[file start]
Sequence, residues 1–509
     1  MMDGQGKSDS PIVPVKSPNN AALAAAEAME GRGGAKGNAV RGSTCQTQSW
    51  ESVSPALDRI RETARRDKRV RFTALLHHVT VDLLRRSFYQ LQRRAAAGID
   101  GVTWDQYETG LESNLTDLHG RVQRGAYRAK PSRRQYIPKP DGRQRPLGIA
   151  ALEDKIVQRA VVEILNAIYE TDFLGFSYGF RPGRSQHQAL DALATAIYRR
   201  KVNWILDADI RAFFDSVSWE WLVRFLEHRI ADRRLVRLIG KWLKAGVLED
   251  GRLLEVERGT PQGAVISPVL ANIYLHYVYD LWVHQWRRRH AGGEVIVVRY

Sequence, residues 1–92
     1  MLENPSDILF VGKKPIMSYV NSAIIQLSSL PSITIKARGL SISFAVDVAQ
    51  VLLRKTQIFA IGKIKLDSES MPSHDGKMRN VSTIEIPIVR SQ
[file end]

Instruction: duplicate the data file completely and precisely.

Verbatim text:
Sequence, residues 1–509
     1  MMDGQGKSDS PIVPVKSPNN AALAAAEAME GRGGAKGNAV RGSTCQTQSW
    51  ESVSPALDRI RETARRDKRV RFTALLHHVT VDLLRRSFYQ LQRRAAAGID
   101  GVTWDQYETG LESNLTDLHG RVQRGAYRAK PSRRQYIPKP DGRQRPLGIA
   151  ALEDKIVQRA VVEILNAIYE TDFLGFSYGF RPGRSQHQAL DALATAIYRR
   201  KVNWILDADI RAFFDSVSWE WLVRFLEHRI ADRRLVRLIG KWLKAGVLED
   251  GRLLEVERGT PQGAVISPVL ANIYLHYVYD LWVHQWRRRH AGGEVIVVRY

Sequence, residues 1–92
     1  MLENPSDILF VGKKPIMSYV NSAIIQLSSL PSITIKARGL SISFAVDVAQ
    51  VLLRKTQIFA IGKIKLDSES MPSHDGKMRN VSTIEIPIVR SQ